Publication 5057

Sheets-Johnstone M. (2000) The formal nature of emergent biological organization and its implications for understandings of closure. In: Chandler J. & Van de Vijver G. (eds.) Closure: Emergent organizations and their dynamics. New York Academy of Sciences, New York: 320–331.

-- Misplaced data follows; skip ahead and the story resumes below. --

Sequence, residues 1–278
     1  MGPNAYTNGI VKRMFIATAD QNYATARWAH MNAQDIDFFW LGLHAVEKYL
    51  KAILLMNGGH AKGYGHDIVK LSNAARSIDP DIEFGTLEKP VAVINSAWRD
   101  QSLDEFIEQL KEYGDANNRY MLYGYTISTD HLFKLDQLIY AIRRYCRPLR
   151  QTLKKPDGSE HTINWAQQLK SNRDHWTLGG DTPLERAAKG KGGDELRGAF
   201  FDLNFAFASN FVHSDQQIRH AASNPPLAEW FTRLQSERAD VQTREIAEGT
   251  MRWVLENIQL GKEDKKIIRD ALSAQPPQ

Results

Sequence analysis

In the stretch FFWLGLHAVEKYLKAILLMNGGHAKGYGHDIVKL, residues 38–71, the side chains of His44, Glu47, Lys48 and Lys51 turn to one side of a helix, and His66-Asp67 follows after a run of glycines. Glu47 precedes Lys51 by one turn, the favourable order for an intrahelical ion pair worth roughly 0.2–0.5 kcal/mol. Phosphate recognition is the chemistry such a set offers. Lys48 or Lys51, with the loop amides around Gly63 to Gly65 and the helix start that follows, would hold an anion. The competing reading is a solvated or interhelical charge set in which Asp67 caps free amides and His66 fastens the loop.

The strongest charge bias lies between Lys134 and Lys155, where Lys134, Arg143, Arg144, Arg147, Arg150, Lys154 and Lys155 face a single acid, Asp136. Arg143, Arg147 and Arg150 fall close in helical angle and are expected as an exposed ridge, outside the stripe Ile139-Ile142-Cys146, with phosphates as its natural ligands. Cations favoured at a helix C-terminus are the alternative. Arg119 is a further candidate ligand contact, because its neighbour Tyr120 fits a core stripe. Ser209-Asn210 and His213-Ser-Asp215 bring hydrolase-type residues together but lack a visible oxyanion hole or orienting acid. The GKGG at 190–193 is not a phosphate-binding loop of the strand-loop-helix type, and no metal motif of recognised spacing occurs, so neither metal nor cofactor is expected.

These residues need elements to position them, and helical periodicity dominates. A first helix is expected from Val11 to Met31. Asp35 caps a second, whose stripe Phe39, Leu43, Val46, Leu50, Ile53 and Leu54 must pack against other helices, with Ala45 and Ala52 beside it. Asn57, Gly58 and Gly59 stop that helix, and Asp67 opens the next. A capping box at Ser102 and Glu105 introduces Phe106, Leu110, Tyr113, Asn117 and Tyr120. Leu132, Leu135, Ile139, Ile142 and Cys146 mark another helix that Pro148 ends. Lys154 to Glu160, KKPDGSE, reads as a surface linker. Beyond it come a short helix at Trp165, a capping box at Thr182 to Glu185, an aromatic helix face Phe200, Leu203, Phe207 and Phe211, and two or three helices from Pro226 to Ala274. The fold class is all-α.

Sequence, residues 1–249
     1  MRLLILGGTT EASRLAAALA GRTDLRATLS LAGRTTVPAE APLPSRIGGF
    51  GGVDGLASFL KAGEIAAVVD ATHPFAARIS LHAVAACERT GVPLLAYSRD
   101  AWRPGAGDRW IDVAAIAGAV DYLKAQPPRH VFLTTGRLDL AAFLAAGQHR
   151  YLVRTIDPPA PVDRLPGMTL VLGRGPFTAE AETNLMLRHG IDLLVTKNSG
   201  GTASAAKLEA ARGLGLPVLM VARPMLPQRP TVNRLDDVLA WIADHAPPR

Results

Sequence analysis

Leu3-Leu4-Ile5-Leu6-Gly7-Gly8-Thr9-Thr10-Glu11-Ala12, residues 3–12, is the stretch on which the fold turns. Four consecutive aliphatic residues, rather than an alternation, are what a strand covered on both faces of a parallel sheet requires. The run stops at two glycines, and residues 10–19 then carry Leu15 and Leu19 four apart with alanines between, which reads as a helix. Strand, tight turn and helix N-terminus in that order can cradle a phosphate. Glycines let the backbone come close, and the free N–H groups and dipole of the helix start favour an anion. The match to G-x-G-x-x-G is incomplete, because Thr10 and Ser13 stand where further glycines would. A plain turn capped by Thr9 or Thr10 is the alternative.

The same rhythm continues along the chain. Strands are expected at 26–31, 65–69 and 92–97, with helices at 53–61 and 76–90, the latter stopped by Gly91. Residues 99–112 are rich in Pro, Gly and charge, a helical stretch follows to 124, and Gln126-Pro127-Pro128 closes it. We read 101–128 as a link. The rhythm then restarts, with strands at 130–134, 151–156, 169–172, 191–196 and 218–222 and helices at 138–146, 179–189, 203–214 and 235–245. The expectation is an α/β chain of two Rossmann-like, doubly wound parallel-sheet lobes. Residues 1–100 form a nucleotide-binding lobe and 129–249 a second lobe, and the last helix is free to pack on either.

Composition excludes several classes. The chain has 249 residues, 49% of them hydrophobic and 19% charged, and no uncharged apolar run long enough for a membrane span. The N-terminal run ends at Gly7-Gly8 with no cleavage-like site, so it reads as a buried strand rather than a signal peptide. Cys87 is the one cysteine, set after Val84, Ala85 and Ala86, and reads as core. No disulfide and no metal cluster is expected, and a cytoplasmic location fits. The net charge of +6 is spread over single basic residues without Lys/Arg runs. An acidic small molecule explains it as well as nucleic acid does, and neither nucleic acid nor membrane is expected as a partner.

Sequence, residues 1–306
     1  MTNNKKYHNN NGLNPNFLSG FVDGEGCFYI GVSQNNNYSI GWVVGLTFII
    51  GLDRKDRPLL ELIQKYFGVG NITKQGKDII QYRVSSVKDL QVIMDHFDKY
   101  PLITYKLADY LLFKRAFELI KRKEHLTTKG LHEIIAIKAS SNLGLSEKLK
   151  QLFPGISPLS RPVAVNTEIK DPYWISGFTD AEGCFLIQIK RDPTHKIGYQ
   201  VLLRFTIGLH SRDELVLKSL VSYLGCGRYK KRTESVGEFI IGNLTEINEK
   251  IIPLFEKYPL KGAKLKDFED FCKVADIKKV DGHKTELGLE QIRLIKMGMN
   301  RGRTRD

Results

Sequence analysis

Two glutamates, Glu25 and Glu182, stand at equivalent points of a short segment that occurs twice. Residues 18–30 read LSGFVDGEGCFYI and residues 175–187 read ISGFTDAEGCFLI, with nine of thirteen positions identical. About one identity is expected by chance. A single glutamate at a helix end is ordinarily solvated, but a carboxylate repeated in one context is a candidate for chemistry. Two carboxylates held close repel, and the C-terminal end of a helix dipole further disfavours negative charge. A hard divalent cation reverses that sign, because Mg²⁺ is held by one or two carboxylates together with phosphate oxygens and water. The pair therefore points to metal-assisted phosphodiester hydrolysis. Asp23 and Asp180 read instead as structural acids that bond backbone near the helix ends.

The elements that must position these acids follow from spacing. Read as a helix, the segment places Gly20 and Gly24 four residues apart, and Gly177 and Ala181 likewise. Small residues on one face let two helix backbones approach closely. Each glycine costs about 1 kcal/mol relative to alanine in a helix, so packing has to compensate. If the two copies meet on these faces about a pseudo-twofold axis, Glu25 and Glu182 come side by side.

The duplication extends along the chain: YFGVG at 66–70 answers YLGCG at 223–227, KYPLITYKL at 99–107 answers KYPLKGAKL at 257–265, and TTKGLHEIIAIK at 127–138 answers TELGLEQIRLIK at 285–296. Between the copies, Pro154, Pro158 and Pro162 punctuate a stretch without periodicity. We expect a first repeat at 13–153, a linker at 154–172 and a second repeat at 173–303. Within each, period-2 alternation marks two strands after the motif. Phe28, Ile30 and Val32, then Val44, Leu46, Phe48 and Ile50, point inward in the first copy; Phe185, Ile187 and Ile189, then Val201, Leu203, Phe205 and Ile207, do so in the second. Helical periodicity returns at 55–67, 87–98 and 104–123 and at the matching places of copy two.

This paper shows how recognition of biological form, of which the dynamics of closure is an integral part, is mandated by research on autopoietic systems, self-organization, evolutionary theory, and on topics in a variety of other areas, including infant and child development. It shows how a “matter pure and simple” (a mechanical concept of nature) is inimical to veridical understandings and explanations of emergent organization from the level of cells to the level of intact organisms-animate forms. By means of an analysis and discussion of writings by prominent researchers in diverse fields, a brief inquiry into neuron firing, and a consideration of intrinsic dynamics and primal animation, this paper shows that a principle of motion or animation informs biological nature. In other words, the fundamentally dynamic character of biological form at all levels exemplifies the kinetic character of living matter. The final section of this paper pinpoints implications for closure, emphasizing the need for an acknowledgement of the dynamics of closure and the need for theoretical and biological reformulations of living systems that incorporate that dynamics. It exemplifies the implication in each instance with reference to authors represented in this volume.
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